These past two semesters as a CTL fellow have been incredibly rewarding. Under the incredible mentorship and support of Lisa Kuehne, this fellowship has helped me develop a variety of professional and academic skills, and the opportunity to collaborate with such an interdisciplinary group of peers has helped me expand my perspective and consider how other disciplines’ ways of teaching and learning factor into the projects I’ve pursued with this fellowship.  

I have worked with CTL fellow Jacqueline Garnett, Sally Wu (while she was still at WashU’s CTL), Eric Fournier, and the WashU Libraries Scholarly Communications and Digital Publishing Services to develop an online repository for teaching activities using generative AI, an Open Scholarship repository where any WashU instructor can upload an activity and share how they’re using AI in the classroom with the WashU teaching community. Such a project would have been impossible without the support of such a wide range of coworkers and scholars, and I have every hope that the repository will grow to include many more activities across all of WashU’s disciplines.  

Additionally, I have been incredibly fortunate to collaborate with the pilot and planned launch of the Interdisciplinary Graduate Network for Inquiry, Teaching, and Engagement (IGNITE), a program for graduate students and postdocs who want to continue interdisciplinary peer feedback and pedagogical development beyond the EPiC program. I’ve wanted to create such a program since I joined the CTL as a fellow last fall, and thanks to guidance from Lisa, planning and feedback from Zoe, and the hard work, dedication and insights of Nicole and Emily, we were able to successfully pilot IGNITE this semester and plan to launch it in the fall. The success of IGNITE so far is a testament to how much graduate students and postdocs value interdisciplinary connection, and nothing feels more appropriate for this fellowship than to foster collaborations like these.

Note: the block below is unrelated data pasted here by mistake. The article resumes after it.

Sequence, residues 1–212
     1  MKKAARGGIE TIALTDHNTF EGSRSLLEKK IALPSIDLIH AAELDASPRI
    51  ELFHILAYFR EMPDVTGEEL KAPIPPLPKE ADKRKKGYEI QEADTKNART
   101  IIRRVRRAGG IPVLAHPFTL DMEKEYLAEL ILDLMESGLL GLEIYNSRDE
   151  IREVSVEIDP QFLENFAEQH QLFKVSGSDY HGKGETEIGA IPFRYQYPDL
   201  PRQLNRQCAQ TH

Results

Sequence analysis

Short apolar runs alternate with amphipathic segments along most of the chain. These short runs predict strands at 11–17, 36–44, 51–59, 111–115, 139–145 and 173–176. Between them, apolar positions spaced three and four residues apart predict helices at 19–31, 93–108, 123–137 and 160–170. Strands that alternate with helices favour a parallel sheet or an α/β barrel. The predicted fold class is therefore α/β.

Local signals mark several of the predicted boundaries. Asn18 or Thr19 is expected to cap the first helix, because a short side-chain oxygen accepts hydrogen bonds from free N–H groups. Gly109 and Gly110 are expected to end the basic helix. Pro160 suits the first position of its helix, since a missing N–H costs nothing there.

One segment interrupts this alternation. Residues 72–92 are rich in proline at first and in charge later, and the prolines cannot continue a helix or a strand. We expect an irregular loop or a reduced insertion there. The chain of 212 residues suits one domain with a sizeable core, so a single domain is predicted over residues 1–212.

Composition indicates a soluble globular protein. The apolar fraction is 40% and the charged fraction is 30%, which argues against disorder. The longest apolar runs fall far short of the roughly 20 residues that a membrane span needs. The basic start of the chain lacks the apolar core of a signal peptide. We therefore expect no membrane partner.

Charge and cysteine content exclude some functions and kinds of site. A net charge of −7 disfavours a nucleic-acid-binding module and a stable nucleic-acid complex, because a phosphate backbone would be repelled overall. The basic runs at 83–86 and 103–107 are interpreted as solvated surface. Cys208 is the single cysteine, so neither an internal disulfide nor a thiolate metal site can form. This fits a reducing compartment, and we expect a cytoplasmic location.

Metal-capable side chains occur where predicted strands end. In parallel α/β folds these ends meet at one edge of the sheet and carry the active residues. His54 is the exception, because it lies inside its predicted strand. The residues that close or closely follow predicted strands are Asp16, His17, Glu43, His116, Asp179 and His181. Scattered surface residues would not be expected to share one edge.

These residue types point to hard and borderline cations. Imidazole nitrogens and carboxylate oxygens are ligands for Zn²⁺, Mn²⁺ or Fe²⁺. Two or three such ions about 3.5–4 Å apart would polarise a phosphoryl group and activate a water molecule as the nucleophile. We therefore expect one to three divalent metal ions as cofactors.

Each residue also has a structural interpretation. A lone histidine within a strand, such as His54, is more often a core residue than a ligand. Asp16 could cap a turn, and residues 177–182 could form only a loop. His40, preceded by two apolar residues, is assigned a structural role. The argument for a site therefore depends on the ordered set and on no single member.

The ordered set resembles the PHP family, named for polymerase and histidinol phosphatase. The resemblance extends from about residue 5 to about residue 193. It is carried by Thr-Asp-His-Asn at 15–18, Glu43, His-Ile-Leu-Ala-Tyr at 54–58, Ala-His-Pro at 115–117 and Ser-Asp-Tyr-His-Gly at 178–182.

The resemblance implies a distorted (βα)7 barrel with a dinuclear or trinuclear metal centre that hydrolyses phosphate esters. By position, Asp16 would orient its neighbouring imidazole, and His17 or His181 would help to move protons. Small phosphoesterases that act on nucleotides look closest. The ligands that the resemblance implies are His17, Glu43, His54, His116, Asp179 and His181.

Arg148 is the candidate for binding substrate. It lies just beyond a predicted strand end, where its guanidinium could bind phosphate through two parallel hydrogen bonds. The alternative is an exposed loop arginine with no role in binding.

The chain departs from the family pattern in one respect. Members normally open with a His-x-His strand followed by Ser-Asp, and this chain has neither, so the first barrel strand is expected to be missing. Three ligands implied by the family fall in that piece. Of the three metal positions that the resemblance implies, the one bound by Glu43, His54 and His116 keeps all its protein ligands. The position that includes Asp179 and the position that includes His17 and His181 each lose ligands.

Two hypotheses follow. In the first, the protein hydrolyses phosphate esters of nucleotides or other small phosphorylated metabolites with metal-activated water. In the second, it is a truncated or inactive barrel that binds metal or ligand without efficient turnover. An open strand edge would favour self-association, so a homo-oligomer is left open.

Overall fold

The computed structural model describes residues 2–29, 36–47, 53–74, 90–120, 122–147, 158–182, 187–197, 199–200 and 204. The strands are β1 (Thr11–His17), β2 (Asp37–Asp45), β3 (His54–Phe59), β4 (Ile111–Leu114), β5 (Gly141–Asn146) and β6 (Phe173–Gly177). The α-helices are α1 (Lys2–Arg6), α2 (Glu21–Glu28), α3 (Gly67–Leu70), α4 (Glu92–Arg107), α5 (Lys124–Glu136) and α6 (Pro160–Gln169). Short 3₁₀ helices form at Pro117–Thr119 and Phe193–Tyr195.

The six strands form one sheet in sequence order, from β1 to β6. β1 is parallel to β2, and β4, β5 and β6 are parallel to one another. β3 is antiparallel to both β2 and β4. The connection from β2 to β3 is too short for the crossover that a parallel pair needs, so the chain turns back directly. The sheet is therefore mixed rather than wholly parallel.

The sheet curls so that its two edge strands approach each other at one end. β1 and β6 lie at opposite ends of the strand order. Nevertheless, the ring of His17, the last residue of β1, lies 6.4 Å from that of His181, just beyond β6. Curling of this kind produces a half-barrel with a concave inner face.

Finally, I cannot thank Lisa Kuehne enough for all her unbelievably hard work running the graduate fellowship program, and I am also eternally grateful to Sally Wu for starting this program and being so influential for how it’s grown in its initial stages. 



Nicole Strombom, Public Health Sciences:  

I joined the CTL Fellows this spring and have greatly enjoyed the opportunity to learn from the insights of the CTL’s Educational Development Team. Lisa Kuehne provides a welcoming environment during Fellows’ meetings, offers useful feedback that is actionable for the projects we are working on, and is supportive of the work we are doing to enhance CTL programming. I am grateful for Sally Wu and Lisa Kuehne’s guidance and mentorship.  

Additionally, I was able to help cofacilitate the Scholarship of Teaching and Learning (SoTL) Seminar with Rick Moore, Lisa Kuehne, and Elina Salminen. Through this, I learned about the passion our Educational Development team has for enhancing evidence-based learning. Further, my fellow Fellows, from diverse disciplines, have been a pleasure to work and learn besides this semester. I gained great insights into seeing academia and areas of learning from new perspectives; for instance, I learned that some disciplines utilize class spaces in a very different way than I am used to because of the nature of the learning outcomes the discipline is trying to achieve. I have enjoyed our collaborative efforts. I look forward to continuing to serve as a CTL Fellow in the fall.